The true source of a World Cup winning performance

In Inner Performance, Sport, Thinking

We perform better when we get caught up in the experience, rather than make the experience about us.  When we focus on a personal prize our options narrow; when we relish the process our options expand. (Garret Kramer, Stillpower)

The Football World Cup starts today and with it all the hype and punditry and commentators trying to second guess what the players are thinking about and what they can do next.

A good friend of me was telling me this week about John Barnes scoring a particular World Cup goal, and was asked by the commentator what was he thinking about when he scored it?  His reply?  Nothing. Ask any Olympic athlete what was going through their minds for a gold medal performance?  Nothing.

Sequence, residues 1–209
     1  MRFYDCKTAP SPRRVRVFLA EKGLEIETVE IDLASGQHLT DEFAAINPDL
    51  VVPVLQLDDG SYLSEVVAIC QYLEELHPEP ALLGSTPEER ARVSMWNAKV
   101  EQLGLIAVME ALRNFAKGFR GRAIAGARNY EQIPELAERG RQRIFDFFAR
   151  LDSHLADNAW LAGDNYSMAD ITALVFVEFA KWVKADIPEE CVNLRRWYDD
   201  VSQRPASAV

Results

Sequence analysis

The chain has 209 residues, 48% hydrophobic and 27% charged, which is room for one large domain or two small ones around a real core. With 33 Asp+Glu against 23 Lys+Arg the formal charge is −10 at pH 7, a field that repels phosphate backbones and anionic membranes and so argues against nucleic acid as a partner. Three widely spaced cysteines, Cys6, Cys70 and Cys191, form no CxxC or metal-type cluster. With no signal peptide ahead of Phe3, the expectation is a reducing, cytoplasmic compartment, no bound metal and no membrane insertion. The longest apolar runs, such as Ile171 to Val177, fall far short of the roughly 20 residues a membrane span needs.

And remember hearing Tim Henman being asked by a commentator what Andy Murray could do to up his game during a challenging moment during his Championship winning Wimbledon match?  His reply?  All he can do is play the next shot.  Tim Henman understood.  But the commentator didn’t!

So why do coaches and managers and trainers fill their athletes heads with a pile of thinking to do to get in to a mind-less or no-think state?  That seems an oxy-moron to me and can only lead to a revved-up state of mind, rather than the quiet mind we all intuitively recognise when we perform at our best.

To me, when I’m in that flow-state, it’s like being a passenger, and as a passenger I’m able to observe more of what is going on around me and allowing me to perform at a higher level.

And so I say to all the World Cup teams, go out and play.  Enjoy your experience.  Respect your competitors for their role is not to bring you down, but to get you to up your game, and play at your highest level, whatever that is in the moment.

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